Researchers in Austria have developed a
method for the precise measurement of breast density using magnetic resonance
tomography (MRT) examinations with the Dixon sequence for a better assessment
of the risk, in addition to an earlier breast cancer diagnosis, it was unveiled
during a presentation at the European Congress of Radiology (ECR2016).
Medical University Vienna researchers at the University Clinic for Radiology and Nuclear Medicine have developed a method whereby an objective measurement of breast density, with fully automatic software and higher precision and reproducibility, has been detected, and showed that a prototype currently exists.
“It works practically at the touch of a button and only takes a few minutes. There is also no need to provide contrast material,” Georg Wengert said in his presentation at the annual ECR conference.
The study was undertaken by the university’s Molecular and Gender Imaging Working Group under the management of Thomas Helbich and the Computational Imaging Research (CIR) Laboratory developed the software under the management of Georg Langs.
Guidelines set out by the American College of Radiology (ACR) divide breast density into four categories: Ranging from A to D, the risk of getting breast cancer is considered to be four to six times higher for a higher breast density (C/heterogeneous and D/extremely dense). The density cannot be precisely measured using mammography and an ultrasound scan, and additionally a high breast density makes diagnosis more difficult.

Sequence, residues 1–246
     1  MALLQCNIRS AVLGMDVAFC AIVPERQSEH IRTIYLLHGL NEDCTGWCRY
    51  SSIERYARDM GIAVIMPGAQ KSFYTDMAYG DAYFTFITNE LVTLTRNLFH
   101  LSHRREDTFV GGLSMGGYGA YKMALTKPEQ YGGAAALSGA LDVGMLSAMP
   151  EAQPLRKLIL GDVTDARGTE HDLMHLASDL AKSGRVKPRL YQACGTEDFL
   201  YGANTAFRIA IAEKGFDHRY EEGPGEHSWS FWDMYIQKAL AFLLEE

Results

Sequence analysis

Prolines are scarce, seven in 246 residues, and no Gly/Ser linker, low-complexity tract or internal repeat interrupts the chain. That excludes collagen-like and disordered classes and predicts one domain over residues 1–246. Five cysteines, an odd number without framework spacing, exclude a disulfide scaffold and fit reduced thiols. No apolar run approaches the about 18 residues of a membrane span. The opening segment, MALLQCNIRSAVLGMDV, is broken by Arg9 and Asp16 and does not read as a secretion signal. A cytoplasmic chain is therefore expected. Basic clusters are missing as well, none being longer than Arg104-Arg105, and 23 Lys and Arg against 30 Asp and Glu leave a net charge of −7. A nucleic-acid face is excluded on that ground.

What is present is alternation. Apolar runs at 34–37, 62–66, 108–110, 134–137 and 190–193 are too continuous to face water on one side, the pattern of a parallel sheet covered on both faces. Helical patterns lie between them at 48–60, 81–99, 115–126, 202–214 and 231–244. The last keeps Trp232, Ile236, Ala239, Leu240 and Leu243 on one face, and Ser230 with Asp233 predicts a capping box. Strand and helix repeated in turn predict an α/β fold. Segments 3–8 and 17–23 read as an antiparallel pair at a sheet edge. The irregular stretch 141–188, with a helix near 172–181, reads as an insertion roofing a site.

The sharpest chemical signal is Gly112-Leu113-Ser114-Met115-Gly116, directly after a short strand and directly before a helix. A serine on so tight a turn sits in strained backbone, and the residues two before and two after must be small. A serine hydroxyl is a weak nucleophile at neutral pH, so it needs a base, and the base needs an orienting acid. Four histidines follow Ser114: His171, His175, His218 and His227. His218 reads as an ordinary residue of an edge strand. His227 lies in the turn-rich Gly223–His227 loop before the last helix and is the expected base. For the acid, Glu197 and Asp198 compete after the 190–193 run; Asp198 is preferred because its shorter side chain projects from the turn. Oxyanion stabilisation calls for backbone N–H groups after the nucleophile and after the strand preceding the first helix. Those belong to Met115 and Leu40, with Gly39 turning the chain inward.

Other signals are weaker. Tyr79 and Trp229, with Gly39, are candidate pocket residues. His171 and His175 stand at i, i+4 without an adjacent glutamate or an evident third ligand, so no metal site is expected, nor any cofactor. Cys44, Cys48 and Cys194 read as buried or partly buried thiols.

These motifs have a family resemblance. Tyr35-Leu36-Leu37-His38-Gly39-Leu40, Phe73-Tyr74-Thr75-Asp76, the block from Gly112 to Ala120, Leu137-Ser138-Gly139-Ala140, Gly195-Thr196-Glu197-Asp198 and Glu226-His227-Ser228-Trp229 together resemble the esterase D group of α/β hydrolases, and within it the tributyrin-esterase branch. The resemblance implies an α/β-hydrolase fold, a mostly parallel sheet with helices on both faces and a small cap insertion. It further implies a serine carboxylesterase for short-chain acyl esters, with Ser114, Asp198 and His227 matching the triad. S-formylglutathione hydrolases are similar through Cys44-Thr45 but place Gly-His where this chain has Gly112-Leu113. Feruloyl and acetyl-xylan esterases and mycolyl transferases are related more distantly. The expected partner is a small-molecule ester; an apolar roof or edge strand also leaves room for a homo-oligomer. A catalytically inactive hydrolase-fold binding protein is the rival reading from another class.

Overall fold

That is why Medical University Vienna experts recommended in their presentation to increase the use of MRT for risk assessment, diagnosis and early diagnosis.
“We are committed to better explaining to women that the use of mammography and ultrasound alone cannot detect all carcinomas. MRT really is the recommended method,” said Wengert. The examination has a far better validity, and therefore helps to quickly introduce the right therapeutic steps.
With breast cancer being the most common cancer in women, nearly a third will be confronted with this in their lives. According to statistics, around 5,400 women became ill from breast cancer in Austria in 2011, of whom 1,500 died from this cancer.
In total, five research clusters have been established at Medical University Vienna where the focus on key areas in fundamentals and clinical research has been increased. The research clusters cover medical imaging, cancer research/oncology, cardiovascular medicine, medical neuroscience and immunology.